Book Review – Evil Genius by Catherine Jinks
School stories have been popular since at least the 19th Century when Tom Brown’s Schooldays by Thomas Hughes was published in 1857. I suppose that once school, and therefore childhood literacy, became common, young people wanted to read, and the one setting they all shared and could relate to was school. Such stories became a sort of genre, which I’ve heard labeled ‘English Schoolboy Stories’ or, alternately, ‘British school novels,’ although they can take place in any part of the former British Empire or other English-like setting. The main character in these is normally a student, often an outsider or social outcast, exceptionally talented or clever, and possibly an orphan.
I’m not an expert, although I have read a few books like this. I’m sure everyone reading this review is familiar with a recent offering that falls into this category — the Harry Potter series by J.K. Rowling. Stories set in schools continue to be written and read because all of us can relate to them. If you can read this, chances are you learned to do so in a school.
Whatever the genre is called, Evil Genius by Catherine Jinks definitely falls into it. The story is set in a private school in Australia. The protagonist, Cadel, lives with emotionally distant adoptive parents. He is exceptionally brilliant and is skipped ahead in public school, which of course makes him younger than his classmates and consequently a social outcast. He is seeing a counselor because of perceived emotional problems and past discretions. He comes to regard this man as more of a father figure than he does his adoptive father. His counselor offers him a spot at a relatively new private school for ‘exceptional’ students. Cadel does not yet know that this school was founded a few years ago specifically for him, to train and mentor him in the skills needed to become a criminal mastermind — like his real father. To avoid spoilers, this is as much of the plot as I will reveal.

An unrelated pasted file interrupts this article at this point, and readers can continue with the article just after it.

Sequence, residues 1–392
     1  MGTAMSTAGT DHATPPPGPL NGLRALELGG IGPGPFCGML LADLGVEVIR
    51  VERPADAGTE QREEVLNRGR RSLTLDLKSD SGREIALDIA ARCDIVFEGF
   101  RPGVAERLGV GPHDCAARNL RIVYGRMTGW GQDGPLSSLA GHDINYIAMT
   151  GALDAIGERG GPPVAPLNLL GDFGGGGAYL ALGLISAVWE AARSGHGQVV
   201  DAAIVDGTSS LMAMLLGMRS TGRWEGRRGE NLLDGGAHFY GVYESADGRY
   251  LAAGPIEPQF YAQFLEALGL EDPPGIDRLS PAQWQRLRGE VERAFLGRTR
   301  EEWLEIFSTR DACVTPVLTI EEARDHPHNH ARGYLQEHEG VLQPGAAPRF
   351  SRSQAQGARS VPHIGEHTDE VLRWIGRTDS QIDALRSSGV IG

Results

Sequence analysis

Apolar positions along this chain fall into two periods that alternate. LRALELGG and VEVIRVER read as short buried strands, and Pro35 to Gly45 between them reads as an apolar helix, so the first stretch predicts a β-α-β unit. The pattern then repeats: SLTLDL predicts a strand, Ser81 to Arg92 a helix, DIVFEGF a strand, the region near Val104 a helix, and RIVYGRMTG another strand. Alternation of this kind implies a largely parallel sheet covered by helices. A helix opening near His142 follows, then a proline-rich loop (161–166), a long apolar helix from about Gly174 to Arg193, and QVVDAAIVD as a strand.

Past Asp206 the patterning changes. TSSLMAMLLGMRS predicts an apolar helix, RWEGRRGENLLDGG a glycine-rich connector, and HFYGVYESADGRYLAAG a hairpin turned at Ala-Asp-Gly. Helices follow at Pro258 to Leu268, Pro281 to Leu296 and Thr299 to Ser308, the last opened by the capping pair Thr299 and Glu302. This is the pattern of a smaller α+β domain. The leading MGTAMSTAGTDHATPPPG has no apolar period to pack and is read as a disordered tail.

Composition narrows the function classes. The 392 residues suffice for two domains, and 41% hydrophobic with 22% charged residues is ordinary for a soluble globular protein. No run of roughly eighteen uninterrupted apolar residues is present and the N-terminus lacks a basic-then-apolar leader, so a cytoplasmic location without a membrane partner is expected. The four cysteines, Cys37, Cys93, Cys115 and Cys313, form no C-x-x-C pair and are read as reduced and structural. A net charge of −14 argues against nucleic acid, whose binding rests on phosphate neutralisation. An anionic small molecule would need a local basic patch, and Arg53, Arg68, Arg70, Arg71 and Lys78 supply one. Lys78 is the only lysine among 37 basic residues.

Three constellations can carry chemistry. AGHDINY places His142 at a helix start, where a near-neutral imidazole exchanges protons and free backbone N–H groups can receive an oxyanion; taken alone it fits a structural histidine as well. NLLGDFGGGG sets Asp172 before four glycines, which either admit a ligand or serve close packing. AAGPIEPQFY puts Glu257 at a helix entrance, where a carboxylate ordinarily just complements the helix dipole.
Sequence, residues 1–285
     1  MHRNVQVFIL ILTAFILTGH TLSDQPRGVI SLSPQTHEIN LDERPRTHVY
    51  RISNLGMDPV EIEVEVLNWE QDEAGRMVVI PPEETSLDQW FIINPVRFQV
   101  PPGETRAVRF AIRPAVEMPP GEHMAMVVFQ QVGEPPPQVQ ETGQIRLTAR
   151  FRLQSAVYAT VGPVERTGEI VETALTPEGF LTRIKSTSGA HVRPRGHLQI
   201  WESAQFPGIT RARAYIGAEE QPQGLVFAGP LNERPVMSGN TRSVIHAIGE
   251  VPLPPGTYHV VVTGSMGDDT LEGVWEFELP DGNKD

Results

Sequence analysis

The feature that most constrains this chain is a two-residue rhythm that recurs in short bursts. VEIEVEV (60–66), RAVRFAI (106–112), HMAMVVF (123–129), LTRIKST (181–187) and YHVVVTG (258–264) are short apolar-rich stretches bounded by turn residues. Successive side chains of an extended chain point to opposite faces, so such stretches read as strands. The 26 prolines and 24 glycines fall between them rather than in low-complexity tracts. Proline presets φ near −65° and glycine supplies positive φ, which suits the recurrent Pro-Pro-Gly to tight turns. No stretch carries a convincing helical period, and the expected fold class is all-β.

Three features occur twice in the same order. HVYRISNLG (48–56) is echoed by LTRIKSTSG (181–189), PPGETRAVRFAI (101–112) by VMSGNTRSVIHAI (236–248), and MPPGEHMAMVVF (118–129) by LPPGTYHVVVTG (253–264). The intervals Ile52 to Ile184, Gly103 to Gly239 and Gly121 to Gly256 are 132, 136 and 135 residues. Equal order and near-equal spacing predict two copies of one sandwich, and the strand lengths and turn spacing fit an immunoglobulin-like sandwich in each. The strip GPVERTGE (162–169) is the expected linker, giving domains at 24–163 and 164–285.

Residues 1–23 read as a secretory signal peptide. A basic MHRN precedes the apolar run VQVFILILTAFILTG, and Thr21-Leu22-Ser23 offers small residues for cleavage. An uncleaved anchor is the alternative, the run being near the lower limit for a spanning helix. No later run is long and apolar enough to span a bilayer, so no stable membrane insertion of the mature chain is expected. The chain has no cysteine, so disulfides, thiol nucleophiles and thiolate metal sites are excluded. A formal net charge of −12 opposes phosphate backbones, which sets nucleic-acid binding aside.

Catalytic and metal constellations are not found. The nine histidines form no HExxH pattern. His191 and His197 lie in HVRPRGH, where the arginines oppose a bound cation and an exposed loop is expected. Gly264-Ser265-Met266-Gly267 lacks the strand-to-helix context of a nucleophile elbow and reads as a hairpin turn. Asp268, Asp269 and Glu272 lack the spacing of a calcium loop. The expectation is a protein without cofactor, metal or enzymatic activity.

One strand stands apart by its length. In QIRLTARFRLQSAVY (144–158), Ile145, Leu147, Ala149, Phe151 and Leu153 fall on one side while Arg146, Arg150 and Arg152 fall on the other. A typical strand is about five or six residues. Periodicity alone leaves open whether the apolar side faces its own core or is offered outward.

The story is well constructed, the plot is complex but clear, the prose is exceptional, and the characterizations are good (but not great). There is a bit more here than in many YA books I’ve read, and the points are made more subtly. It touches on human behavior, social exclusion, emotional depravation, and various other sociological and psychological topics. It especially contrasts the behavior of people who truly care about others with that of those who regard them only as tools, and it shows the likely consequences of each.
The premise is a bit outlandish for something that turns out not to be quite as funny as one might expect from the title, although there are some humorous bits. Cadel is almost unbelievably bright, and his deviations into mathematics and the wonders of the periodic table may loose a few readers. At first, he is mean, vengeful, and thoroughly unlikeable. He disrupts things and causes distress to others just to see if he can do it. I could not force myself to care about such a person or about what happened to them. The story was intriguing enough that I stuck with it, though. Through a few encounters with people who accept him, he grows and becomes a much better person, especially in contrast to those around him who are responsible for his care. He learns the value of friendship when all his mentors tell him it has none other than as a means of manipulation.
This is an engaging, well written, and enjoyable story. It may not appeal to younger readers, but I can recommend it to most adults and young adult geniuses.